Based on new datasets, this book presents an economic history of Indonesia. It analyses the causes of stagnation of growth during the colonial and independence period, making use of new theoretical insights from institutional economics and new growth theory.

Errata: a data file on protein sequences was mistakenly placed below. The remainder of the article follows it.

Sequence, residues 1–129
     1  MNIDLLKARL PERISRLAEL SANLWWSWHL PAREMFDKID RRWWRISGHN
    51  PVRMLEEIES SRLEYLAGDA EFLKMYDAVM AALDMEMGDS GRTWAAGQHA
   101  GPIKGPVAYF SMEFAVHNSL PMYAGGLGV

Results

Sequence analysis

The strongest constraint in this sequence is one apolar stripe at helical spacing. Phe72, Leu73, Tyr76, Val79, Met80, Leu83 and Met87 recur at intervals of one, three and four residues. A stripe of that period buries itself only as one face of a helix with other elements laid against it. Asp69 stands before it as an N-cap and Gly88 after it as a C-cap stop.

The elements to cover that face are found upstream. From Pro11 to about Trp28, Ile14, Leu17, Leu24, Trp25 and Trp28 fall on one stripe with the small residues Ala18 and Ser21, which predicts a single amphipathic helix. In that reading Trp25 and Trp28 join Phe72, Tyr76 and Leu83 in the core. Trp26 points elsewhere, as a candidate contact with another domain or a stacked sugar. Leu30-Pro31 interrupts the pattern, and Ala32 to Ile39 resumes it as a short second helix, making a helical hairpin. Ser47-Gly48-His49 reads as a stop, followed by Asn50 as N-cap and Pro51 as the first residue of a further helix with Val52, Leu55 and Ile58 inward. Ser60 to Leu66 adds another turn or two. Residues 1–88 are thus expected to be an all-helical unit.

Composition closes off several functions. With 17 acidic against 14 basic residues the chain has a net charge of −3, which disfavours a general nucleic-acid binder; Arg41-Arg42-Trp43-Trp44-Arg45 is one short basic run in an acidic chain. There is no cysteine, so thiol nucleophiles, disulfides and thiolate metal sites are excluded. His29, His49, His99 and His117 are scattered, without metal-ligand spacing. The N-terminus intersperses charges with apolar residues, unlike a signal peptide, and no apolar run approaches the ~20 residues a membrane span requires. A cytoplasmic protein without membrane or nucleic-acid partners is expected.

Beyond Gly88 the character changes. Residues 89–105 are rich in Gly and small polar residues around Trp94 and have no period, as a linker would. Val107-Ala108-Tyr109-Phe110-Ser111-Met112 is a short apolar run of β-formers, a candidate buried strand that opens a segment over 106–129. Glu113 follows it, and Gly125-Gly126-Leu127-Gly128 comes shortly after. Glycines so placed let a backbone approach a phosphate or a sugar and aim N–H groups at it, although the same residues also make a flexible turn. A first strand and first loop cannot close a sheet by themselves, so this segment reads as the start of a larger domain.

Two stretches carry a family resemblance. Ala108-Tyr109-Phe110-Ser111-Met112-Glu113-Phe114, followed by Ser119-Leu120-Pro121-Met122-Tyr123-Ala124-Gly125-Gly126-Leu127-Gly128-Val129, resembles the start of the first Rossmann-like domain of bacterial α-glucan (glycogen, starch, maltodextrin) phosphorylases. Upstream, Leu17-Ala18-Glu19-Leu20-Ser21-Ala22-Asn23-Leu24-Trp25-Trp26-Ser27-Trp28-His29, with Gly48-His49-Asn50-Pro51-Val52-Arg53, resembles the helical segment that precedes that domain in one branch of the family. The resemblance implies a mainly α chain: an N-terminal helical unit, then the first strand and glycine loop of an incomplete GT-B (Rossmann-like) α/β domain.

The book looks at the major themes of Indonesian history: colonial exploitation and the successes and limitations of the post 1900 welfare policies, the price of instability after 1945, and the economic miracle after 1967. The book not only discusses economic change and development – or the lack thereof – but also the institutional and socio-political structures that were behind these changes. It also presents a lot of new data on the changing welfare of the Indonesian population, on income distribution, and on the functioning of markets for rice, credit and labour. Concluding with a discussion on whether the poor profited from the economic changes, this book is a useful contribution to Southeast Asian Studies and International Economics.